I lived in New Orleans in August 2005, when the United States and people allover the world witnessed one of the most devastating and costly hurricanes in U.S. history, Hurricane Katrina. It brought New Orleans residents worst fears to life flooding a majority of the city. I lived in Lakeview, where the first levee broke and about 14 feet of water flooded everything. I left the city at 7 AM in the morning of the storm to escape the possible devastation. It took 2 months before it was safe to return to the area that once was beautiful and lush. Most houses were damaged from the flood or simply swept away.
The hope of finding anything in the house,that was emotionally important, vanished very quickly. One could only enter the house in a full body suit, mask and boots.
All family mementos and all pictures and letters were gone. Of everything I had in that house, only a fragile Japanese doll remained intact.
The flood broke everything into shreds. Only small and lightweight items could survive. Looking at my former life laying in a moldy pile in front of the house, I felt I was stripped down to survival and starting over.
The process of living in a new city and starting over with everything and making new memories was very healing. It took a long time to feel safe and happy again. For me it was like death and rebirth at the same time. Something beautiful ends and something new and possibly beautiful begins. It is a great gift to be open minded to new situations and recognizing the opportunities to discover new things and adventures. The process was similar to grieving a passing of a loved one, just this was a life that ended and started anew. Fast forward to another move to where I live now. I actually found my soul mate and true home in every sense of the word here. Katrina with all its trauma and forced rethinking of my life, brought me a lot of joy to my life. I had once a vision, many years ago. It was a large beautiful tree that lost all its leaves and looked bare and “naked”. It then regrew new leaves, stronger, fuller and greener than ever. It became the most beautiful tree I have ever seen. That is how I look at Katrina; it brought so much sadness, yet eventually so much joy. I learned to be able to adapt quickly and see opportunity, where others see disappointment. The process of stripping everything from our lives and starting anew is like a healthy rebirth.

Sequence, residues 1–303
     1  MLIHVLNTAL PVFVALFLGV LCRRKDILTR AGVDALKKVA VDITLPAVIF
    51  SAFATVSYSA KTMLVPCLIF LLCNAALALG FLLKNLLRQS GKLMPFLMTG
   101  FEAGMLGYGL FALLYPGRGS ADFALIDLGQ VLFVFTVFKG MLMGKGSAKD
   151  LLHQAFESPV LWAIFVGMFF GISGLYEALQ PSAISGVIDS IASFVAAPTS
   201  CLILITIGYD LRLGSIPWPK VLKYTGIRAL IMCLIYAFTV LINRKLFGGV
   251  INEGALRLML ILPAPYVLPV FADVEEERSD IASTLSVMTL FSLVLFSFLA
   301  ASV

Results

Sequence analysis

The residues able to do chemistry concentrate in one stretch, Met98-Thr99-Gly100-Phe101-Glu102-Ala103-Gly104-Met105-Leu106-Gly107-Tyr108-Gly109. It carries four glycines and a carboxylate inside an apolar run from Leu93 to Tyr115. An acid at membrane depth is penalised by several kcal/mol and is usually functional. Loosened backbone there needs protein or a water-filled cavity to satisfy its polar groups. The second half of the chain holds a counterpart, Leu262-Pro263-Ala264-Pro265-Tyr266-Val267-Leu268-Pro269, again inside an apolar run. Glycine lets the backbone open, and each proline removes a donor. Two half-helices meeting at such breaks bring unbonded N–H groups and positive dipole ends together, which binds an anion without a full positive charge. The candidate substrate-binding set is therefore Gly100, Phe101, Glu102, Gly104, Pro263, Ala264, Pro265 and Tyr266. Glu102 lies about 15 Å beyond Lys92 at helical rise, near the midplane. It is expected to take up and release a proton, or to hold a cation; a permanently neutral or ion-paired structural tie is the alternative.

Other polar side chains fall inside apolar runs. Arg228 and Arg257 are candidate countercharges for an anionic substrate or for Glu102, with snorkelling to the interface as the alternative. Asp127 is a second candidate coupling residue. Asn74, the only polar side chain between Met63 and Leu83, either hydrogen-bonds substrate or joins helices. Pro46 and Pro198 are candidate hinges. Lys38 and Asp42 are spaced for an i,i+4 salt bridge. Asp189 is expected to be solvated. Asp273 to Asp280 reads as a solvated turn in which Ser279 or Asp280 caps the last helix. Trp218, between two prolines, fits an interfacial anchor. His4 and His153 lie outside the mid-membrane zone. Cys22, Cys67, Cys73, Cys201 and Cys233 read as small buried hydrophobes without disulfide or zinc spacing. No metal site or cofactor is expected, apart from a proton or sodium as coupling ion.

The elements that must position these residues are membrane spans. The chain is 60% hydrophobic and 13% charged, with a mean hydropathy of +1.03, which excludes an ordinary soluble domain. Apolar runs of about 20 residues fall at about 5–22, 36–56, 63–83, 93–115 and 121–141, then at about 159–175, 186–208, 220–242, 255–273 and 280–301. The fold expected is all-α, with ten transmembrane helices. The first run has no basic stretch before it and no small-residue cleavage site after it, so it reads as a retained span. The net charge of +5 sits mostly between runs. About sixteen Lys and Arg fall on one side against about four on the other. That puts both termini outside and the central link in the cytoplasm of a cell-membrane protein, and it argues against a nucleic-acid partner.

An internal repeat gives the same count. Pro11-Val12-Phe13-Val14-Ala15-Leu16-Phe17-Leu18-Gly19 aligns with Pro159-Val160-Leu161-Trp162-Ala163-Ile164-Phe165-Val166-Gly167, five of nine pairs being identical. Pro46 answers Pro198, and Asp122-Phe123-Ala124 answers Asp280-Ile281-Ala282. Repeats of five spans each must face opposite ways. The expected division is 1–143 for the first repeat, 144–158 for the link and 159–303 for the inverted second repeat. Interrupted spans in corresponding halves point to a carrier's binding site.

Hurricane Katrina, in a strange way, has actually made me into a better person and more appreciative of meaningful living. The bottom line for me is that love in all its forms is everything. All other “things” is just “fluff”. “
For me looking back means I experience life so much more mindful and joyful now.